7 Replies Latest reply on Apr 12, 2010 10:05 PM by David Paulson

    Settling

    Alex Schmidt

      Hello,

       

      I am currently working on flow in settling tanks for biodiesel production.  The process uses large tanks to allow separation of Glycerin from the Biodiesel.  I am inputting the two fluids with .9 concentration of Biodiesel and .1 concentration of Glycerin.  The more dense Glycerin should settle and drain at the outlet at the bottom of the tank and there is another outlet at the top of the tank to drain the less dense Biodiesel.  I guess my question would be if Flow Simulation calculates the separation, and how would I do it?

       

      I have set outlet goals for “mass fraction” and “volume fraction” of the two fluids, but I have been getting the same concentrations that I have specified for the inlet.  I noticed that under my environment pressure boundary condition (outlets) that it also specifies the concentrations, I thought that that might be the cause for the problem. 

       

      Any help would be appreciated.

      Thanks,

      Alex

        • Re: Settling
          Kristofer Skyttner

          I dont think separation of fluids in the same volume due to gravity are supported in Flow Simulation.. Thats the answer I got from the support when I tried to simulate a while back.

           

          //Kristofer Skyttner

            • Re: Settling
              Bill McEachern
              I would disagree, though I have not tried it I think the code will do it. You would need to put gravity on with the vector in the right direction and have different density liquids but with a density variation less than 10. My understanding is that gravity will drive the flow and separate the liquids if the physics is right and by this I mean the diffusion potential is much less than the gravitational and the viscous effects work out as well. You may need to turn on the pressure potential switch as well. I would just do a simple test with material that are know to work and start out with a mass fraction of 50/50 and see if it redistributes itself - oil and water might be a good combo to test.
                • Re: Settling
                  Rich Bayless

                  Hello,

                   

                  When you add the concentration of two fluids, such as 0.9 for one, 0.1 for the other, Flow Sim will calculate the properties of the mixture using the mixture laws.  So you will have density, viscosity, etc., calculated using a weighted average to get the mixture properties.  Select a lid and create a fluid volume with the mixture.  This means you will have a 'single' fluid inside your volume.  This also means that the fluid will not separate, since it is a 'single' fluid.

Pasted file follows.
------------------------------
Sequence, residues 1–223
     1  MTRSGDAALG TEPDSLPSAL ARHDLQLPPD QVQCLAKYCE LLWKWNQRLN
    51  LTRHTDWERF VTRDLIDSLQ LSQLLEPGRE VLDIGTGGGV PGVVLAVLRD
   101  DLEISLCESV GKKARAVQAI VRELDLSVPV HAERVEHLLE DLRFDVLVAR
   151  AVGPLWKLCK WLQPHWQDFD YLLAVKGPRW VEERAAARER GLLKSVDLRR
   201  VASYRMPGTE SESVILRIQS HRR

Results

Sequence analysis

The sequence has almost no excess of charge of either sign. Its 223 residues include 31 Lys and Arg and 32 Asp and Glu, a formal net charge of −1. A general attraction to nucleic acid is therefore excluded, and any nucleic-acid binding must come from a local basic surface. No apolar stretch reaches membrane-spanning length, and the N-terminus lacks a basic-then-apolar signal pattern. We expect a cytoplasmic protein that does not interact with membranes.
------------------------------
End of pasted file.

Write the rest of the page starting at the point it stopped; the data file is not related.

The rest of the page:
I'm not sure how you could apply one fluid to half of an interior volume and a second fluid to the other half of the interior volume in flow sim?

                   

                  I seem to remember that to follow a fluid to fluid interface, such as water sloshing in a glass with air, you need a moving mesh of some sort, which flow sim can't do.

                   

                  Flow sim will definitely show motion due to temperature induced density differences in a single fluid, such as hot and cold water in a storage tank.  Perhaps you could try to 'fool' the math by using a single fluid, and with hot and cold representing your two fractions?  Maybe use a very low thermal conductivity in the fluid to slow down conduction?

                   

                  Just my two cents.

                   

                  Cheers,  Rich.

              • Re: Settling
                David Paulson
                I don't think this can be done with two distinctive fluid flows.  Even if you could, I don't see how you could differentiate them on the flow trajectories.  But you can do this by treating the glycerin as a particle injection.  I just ran one with water as the fluid and water as the particles.  I don't have glycerin in my material database so can't help you on that account  But it does indicate that you can have liquid particles in a liquid.  You just need to define the user defined materials.  And you probably want the walls set to reflect instead of absorb.
                  • Re: Settling
                    Alex Schmidt

                    Thanks for your input everyone,

                     

                    And thanks David for the idea.  I am able to get settling with the glycerin, but one variable I am unsure of.  That is the Diameter of the injected particle.

                     

                    Help says:

                    Diameter. The initial particle diameter. The flow influences the particle temperature and, as a result, the particle density. Since the considered particles are particles of constant mass, the particle volume is variable.

                     

                    As I decrease the Volume of the particle, it becomes buoyant. As I increase the Volume of the particle, it sinks.  I would think that, with a constant mass, a larger volume would increase the buoyant force.

                    Also considering a liquid injection, what would I use as the particle size?

                     

                    thanks

                    Alex

                      • Re: Settling
                        David Paulson

                        Alex,

                         

                        I always try a number of different particle sizes.  Most particle injections that I deal with in real life are not of a constant diameter.  So, I run the analysis on various sizes which are within the realm of reality.  Flow will not predict a distribution of particle sizes, but it will tell you how a given particle size will respond.  And make sure that gravitional effects are turned "ON".  And realize also that partticles that go into solution with the main fluid will never settle.